Microarrays And Functional Genomics CPSC265 Matt Hudson Microarray Technology Relatively young technology Usually used like a Northern blot can determine the amount of mrna for a particular gene Except
MOLECULAR BIOLOGY OVERVIEW NUCLEIC ACIDS: THE BASICS Richard L. Hodinka, Ph.D. University of South Carolina School of Medicine Greenville Greenville Health System, Greenville, SC email@example.com
GENOTYPING ASSAYS AT ZIRC A. READ THIS FIRST - DISCLAIMER Dear ZIRC user, We now provide detailed genotyping protocols for a number of zebrafish lines distributed by ZIRC. These protocols were developed
Genetic Analysis Phenotype analysis: biological-biochemical analysis Behaviour under specific environmental conditions Behaviour of specific genetic configurations Behaviour of progeny in crosses - Genotype
Biotechnology and reporter genes Here, a lentivirus is used to carry foreign DNA into chickens. A reporter gene (GFP)indicates that foreign DNA has been successfully transferred. Recombinant DNA continued
Home Contacts Order Catalog Support Search Alphabetical Index Numerical Index Restriction Endonucleases Modifying Enzymes PCR Kits Markers Nucleic Acids Nucleotides & Oligonucleotides Media Transfection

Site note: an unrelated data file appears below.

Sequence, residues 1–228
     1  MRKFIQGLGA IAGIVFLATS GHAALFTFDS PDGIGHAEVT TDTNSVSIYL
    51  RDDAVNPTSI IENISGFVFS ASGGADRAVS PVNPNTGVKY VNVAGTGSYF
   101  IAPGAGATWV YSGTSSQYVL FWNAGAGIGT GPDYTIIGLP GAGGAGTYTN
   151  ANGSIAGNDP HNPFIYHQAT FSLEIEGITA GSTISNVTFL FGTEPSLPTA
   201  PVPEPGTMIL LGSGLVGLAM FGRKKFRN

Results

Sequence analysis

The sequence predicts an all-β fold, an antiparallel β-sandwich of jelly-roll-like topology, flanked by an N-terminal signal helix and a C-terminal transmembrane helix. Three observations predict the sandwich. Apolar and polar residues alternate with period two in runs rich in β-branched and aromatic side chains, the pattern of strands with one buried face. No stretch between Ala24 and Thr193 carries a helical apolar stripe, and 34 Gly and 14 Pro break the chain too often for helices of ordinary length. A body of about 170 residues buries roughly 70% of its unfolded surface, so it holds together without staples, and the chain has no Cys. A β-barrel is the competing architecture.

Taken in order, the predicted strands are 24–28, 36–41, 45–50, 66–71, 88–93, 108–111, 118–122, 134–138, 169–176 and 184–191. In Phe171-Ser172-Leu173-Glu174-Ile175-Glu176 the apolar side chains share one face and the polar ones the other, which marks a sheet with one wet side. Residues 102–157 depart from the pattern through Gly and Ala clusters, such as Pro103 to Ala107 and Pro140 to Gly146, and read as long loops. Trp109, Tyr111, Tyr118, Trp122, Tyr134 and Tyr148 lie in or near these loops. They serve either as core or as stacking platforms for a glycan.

Chromatin Immunoprecipitation A) Prepare a yeast culture (see the Galactose Induction Protocol for details). 1) Start a small culture (e.g. 2 ml) in YEPD or selective media from a single colony. 2) Spin
DNA Isolation Kit for Cells and Tissues for 10 isolations of 00 mg each for tissue or 5 x 10 7 cultured cells Cat. No. 11 81 770 001 Principle Starting material Application Time required Results Benefits
Revised Fall 2011 The Techniques of Molecular Biology: Forensic DNA Fingerprinting The techniques of molecular biology are used to manipulate the structure and function of molecules such as DNA and proteins
TRI Reagent For processing tissues, cells cultured in monolayer or cell pellets Catalog Number T9424 Store at room temperature. TECHNICAL BULLETIN Product Description TRI Reagent is a quick and convenient
Lecture 13: DNA Technology DNA Sequencing Genetic Markers - RFLPs polymerase chain reaction (PCR) products of biotechnology DNA Sequencing determine order of nucleotides in a strand of DNA > bases = A,
Rapid Acquisition of Unknown DNA Sequence Adjacent to a Known Segment by Multiplex Restriction Site PCR BioTechniques 25:415-419 (September 1998) ABSTRACT The determination of unknown DNA sequences around
PowerPoint Lecture Presentations prepared by Mindy Miller-Kittrell, North Carolina State University C H A P T E R 8 Recombinant DNA Technology The Role of Recombinant DNA Technology in Biotechnology Biotechnology